The ideas are legion, the spirit is fun, and the technology demands may not be trivial; we’ll see how it goes, obviously. But I’m proud to be a part of the effort, and I suspect that if we even get half of our ideas out and in play, it will go over quite well and we can be happy about it. Hopefully we even raise a little money. (If you don’t know about Coastal Studies, it’s a really great organization that has been very important for my family; I am really happy I’ve found a way to give back for all CACS and its people have done for us, way back to the first years we arrived in Alaska.)

Placemat art.

At the family ‘s suggestion, I’ve long meant to get a few of these captures up here, but you know…life happens, etc. Also, I have to admit it still feels a bit strange to actually call myself an artist.

Cathy rolls her eyes at me a bit about that, and she’s probably right that I am generally more creative than I give myself credit for, but still… Artist, in my mind, seems too….important, somehow, to be me.

Personal commitment to humility aside, I suspect I may be caught in the same trap I got myself into with music, for all those years: believing it to be so important that by definition I would have to be on the outside, as a consumer of the art, rather than on the inside, as a creator. I can now see much more clearly how needlessly stifling that perspective is, but even now, I still have to work at it.

Anyway, I’m getting better at recognizing my own creativity, and also at recognizing that it’s creativity I’m usually most interested in, when it comes to any art form. Part of it of course is my kids, who seem to like to think of Dad as a creative person, and as someone who seeks it out in others whenever he can.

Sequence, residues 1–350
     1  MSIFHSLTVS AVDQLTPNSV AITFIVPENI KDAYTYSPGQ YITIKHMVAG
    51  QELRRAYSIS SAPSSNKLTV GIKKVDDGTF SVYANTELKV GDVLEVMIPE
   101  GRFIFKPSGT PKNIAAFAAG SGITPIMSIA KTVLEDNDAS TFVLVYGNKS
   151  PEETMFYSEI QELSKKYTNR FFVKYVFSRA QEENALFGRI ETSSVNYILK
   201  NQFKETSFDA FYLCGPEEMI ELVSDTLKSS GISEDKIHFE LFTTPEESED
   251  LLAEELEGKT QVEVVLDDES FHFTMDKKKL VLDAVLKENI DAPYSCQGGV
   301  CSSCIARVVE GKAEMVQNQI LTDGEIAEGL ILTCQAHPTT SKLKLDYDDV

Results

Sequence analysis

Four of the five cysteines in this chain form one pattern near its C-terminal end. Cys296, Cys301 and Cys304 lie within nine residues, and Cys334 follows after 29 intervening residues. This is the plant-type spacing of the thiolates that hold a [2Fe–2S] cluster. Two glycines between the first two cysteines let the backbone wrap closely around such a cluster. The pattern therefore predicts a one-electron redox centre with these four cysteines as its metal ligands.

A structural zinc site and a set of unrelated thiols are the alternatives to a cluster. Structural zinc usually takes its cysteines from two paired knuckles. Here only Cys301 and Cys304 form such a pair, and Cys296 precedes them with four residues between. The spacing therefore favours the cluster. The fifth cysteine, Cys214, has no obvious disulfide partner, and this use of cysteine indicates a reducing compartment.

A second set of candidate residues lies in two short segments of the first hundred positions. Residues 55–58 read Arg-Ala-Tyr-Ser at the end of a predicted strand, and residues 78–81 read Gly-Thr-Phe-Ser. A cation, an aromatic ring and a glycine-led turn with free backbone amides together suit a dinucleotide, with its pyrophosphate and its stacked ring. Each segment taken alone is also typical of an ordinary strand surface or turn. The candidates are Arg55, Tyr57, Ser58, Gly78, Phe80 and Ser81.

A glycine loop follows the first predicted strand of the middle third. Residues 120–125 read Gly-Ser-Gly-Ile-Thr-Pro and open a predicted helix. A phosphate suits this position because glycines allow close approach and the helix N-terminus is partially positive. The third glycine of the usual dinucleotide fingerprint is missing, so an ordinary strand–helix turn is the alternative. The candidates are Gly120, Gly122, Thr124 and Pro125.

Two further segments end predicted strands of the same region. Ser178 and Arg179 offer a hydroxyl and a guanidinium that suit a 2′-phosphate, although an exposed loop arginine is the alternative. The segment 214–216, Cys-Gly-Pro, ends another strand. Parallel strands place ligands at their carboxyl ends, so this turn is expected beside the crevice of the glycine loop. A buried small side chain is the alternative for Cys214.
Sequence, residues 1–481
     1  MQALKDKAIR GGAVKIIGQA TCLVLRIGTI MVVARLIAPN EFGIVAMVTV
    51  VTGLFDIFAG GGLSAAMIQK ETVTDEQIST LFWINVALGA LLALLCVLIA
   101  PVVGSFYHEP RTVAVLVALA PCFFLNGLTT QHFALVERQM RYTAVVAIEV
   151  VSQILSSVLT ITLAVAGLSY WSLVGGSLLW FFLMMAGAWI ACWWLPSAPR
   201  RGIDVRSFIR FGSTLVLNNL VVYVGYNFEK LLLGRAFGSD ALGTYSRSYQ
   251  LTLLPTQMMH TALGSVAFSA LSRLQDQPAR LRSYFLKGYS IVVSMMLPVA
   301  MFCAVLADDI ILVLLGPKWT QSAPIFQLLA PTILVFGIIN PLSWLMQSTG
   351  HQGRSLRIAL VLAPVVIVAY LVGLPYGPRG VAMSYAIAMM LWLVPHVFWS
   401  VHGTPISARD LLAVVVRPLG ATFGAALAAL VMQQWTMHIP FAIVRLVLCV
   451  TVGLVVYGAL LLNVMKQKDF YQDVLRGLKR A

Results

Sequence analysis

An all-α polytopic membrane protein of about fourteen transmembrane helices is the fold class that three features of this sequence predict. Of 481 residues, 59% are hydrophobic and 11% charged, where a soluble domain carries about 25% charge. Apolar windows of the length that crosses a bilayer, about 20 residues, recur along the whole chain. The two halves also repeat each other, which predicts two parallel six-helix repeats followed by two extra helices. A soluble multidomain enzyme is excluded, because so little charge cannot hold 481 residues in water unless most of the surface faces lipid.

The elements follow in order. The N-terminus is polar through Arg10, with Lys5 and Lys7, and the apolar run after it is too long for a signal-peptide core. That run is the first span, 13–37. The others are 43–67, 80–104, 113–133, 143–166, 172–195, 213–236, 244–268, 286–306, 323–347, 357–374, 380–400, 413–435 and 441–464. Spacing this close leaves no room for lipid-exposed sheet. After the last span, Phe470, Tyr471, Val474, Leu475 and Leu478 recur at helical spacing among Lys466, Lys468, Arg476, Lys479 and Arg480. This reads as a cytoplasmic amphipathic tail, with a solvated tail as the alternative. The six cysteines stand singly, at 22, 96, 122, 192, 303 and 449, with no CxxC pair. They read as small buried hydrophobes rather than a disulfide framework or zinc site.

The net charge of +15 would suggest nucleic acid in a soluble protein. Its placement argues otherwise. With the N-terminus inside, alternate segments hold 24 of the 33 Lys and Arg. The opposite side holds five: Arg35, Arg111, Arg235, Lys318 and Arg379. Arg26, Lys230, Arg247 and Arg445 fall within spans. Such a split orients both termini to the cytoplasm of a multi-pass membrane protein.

The ongoing placemats project

And so a few years ago now, Cathy introduced our family to what might be called the placemats project. She’d choose some arbitrary stock-art line-drawing, print it out on 8.5×11, and each of us would color it in to our taste; she would then faux-laminate each with clear contact paper, and voila, we’d each have our own placemat.

For example, here’s then-two-year-old Murray’s very first one, with just a few age-appropriate scribbles to add to the baseline we all started from:

He was understandably quite pleased with it, and everyone else wound up with some lovely-looking raspberries for their placemats.

Not me, though. After I looked at the starting drawing for a bit, what I saw instead was this:

Continue reading “Placemat art.”

A Mr. Shannon moment.

I had a Mr. Shannon* moment last night, when reading the climactic chapter of the Roald Dahl classic The BFG to my five-year-old boy. The way it worked out, Murray’s two older sisters (eight and eleven) sat in as well, intending at first to be reading their own books silently while I read aloud, but pretty quickly, and clearly, paying much more attention to the antics of the BFG, Sophie, and the Queen.

I had my usual (horrible) character voices in full swing, and this was one of those classic climactic Roald Dahl chapters, in which lots of characters loudly exclaim various astonishments about the absurd shared circumstance in which they have found themselves, each in ridiculously butchered idiom, ad seriatim, ad infinitum…

You know, whizzpoppin’ glorious.

As I began to realize, while reading along, that the girls were not only paying as much attention as their brother, but were even starting to lead the charge in the uncontrolled giggling, I also realized that I had already started to interact with this vibe, organically, playing it up to all three of them even a bit more: just a little more amplitude in the body language, a little sharper bite to the (bad) character accents, …

…and suddenly, in my mind, even as I kept on reading to my own kids in meatspace, I was BACK, at Clear Lake Elementary School, in Mr. Shannon’s room, as he read Roald Dahl to us in exactly the same manner.